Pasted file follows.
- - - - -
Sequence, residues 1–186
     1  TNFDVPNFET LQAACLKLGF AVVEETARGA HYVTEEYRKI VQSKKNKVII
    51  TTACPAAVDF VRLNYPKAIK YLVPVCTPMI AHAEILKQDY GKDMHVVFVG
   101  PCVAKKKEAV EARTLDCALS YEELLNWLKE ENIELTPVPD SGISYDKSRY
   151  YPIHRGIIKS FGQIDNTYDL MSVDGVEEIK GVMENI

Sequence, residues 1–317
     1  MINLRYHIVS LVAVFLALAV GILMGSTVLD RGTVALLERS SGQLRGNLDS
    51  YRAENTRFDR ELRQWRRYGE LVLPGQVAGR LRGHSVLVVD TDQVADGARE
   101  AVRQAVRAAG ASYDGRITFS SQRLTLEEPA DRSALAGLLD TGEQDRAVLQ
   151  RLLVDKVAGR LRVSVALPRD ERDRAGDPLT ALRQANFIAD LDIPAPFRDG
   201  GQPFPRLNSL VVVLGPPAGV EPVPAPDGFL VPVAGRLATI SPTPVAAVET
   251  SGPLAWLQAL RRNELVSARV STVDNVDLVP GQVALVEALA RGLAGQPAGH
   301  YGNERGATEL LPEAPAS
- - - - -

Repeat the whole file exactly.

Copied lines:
Sequence, residues 1–186
     1  TNFDVPNFET LQAACLKLGF AVVEETARGA HYVTEEYRKI VQSKKNKVII
    51  TTACPAAVDF VRLNYPKAIK YLVPVCTPMI AHAEILKQDY GKDMHVVFVG
   101  PCVAKKKEAV EARTLDCALS YEELLNWLKE ENIELTPVPD SGISYDKSRY
   151  YPIHRGIIKS FGQIDNTYDL MSVDGVEEIK GVMENI

Sequence, residues 1–317
     1  MINLRYHIVS LVAVFLALAV GILMGSTVLD RGTVALLERS SGQLRGNLDS
    51  YRAENTRFDR ELRQWRRYGE LVLPGQVAGR LRGHSVLVVD TDQVADGARE
   101  AVRQAVRAAG ASYDGRITFS SQRLTLEEPA DRSALAGLLD TGEQDRAVLQ
   151  RLLVDKVAGR LRVSVALPRD ERDRAGDPLT ALRQANFIAD LDIPAPFRDG
   201  GQPFPRLNSL VVVLGPPAGV EPVPAPDGFL VPVAGRLATI SPTPVAAVET
   251  SGPLAWLQAL RRNELVSARV STVDNVDLVP GQVALVEALA RGLAGQPAGH
   301  YGNERGATEL LPEAPAS